Keeping active during perimenopause is vital to maintain your body and mind in great overall health as you age. Even more importantly, moving your body on a regular basis allows you to steer clear of that vicious circle most women find themselves in! Indeed, as the perimenopausal symptoms hit, many women find it hard to keep up with their fitness and health routine, which can deteriorate their health. Poorer fitness levels can lead to aches, pains, and injuries, which can lead to reduced movement.
But while moving your body is essential, so is finding a fitness routine that works for the changing needs of your body. While you might have been able to endure long aerobic sessions, you might now need to resort to interval training, weight lifting, and reduced cardio. Don’t forget that, no matter the type of exercise you choose, the secret is in finding an activity that you truly enjoy and you can be consistent with!
4. Protect Your Health during perimenopause With Wise Lifestyle Choices
Perimenopause is a phase of a woman’s life during which both her mental and physical health are at their most vulnerable. That is why it is important to understand how to reduce the risk of diseases and keep your mind and body healthy. As the levels of oestrogen drop, your heart might not be as well-protected against diseases. To reduce the risk of high cholesterol, high blood pressure, and heart disease, consider:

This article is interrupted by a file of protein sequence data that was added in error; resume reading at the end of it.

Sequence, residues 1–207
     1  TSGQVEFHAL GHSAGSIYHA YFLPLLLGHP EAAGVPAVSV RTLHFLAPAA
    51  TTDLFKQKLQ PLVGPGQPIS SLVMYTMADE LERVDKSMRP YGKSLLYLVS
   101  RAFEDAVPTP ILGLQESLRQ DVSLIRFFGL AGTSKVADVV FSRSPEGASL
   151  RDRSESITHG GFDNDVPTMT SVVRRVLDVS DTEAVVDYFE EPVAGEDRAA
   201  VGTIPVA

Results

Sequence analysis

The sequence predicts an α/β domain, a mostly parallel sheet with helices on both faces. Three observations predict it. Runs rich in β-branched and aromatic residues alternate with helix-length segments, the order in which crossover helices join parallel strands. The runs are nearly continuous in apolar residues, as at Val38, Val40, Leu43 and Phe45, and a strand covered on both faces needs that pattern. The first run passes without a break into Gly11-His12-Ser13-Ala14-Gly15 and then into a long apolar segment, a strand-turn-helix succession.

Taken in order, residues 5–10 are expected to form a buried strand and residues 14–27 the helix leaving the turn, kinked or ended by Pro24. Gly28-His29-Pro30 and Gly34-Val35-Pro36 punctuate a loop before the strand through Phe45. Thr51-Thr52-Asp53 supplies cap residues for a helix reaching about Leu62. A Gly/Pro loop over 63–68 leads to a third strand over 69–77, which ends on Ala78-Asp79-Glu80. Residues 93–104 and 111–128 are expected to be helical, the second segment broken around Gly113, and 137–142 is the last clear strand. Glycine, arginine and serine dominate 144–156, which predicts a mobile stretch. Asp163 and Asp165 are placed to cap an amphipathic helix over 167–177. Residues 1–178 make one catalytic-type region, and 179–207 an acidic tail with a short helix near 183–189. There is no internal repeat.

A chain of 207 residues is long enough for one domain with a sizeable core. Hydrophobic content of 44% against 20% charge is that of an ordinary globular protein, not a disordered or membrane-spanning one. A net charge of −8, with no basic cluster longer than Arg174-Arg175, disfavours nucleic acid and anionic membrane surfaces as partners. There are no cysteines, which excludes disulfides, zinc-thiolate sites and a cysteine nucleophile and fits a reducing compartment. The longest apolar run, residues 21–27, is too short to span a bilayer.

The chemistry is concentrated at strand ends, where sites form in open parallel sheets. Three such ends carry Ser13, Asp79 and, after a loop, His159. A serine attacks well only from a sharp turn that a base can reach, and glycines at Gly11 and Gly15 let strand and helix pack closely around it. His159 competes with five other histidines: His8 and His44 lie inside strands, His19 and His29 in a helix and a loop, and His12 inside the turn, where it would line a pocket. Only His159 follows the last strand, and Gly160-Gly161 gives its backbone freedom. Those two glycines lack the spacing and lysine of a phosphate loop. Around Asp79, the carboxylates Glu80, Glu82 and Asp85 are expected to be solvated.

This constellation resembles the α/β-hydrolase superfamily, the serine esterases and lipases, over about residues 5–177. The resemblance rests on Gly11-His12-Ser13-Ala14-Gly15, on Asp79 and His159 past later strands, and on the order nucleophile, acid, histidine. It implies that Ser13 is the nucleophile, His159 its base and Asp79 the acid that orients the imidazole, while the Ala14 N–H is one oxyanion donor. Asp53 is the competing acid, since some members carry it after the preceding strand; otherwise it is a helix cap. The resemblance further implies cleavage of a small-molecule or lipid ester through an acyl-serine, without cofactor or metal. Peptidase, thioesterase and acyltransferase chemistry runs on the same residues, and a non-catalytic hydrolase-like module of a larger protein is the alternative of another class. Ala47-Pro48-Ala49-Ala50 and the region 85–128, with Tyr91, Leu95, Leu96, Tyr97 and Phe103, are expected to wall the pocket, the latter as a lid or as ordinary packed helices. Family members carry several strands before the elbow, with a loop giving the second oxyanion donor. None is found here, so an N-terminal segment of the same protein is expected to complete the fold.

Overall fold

- Reducing alcohol intake
- Quitting smoking
- If overweight or obese, losing weight
- Practising regular exercise
- Adjusting your diet
Pro tip - During menopause and perimenopause, you might struggle with sleep issues like insomnia, sleep apnea, and night sweats. However, don’t forget that a good night’s sleep is essential to lower inflammation and protect your health. So, consider adapting your physical sleeping environment and make changes to your night time routine to ensure a good nights sleep.
5. Use a Mind-Body Approach
Perimenopause and menopause can take a toll on a woman’s mental and emotional health. A survey conducted on 2000 UK women in menopause showed that 53% of them suffered from depression and low mood, 50% experienced anxiety, and 42% reported mood swings and anger.
In turn, mental and emotional issues can have a significant negative effect on all aspects of your life, including relationships, social interaction, professional life, and personal well-being. And, if you are struggling with mood swings, depression, and anxiety, you might find it much harder to deal with the menopausal changes.
Make sure to protect your mind as well as your body by lowering stress levels, practising disciplines like yoga and Tai Chi, and introducing mindful meditation into your routine.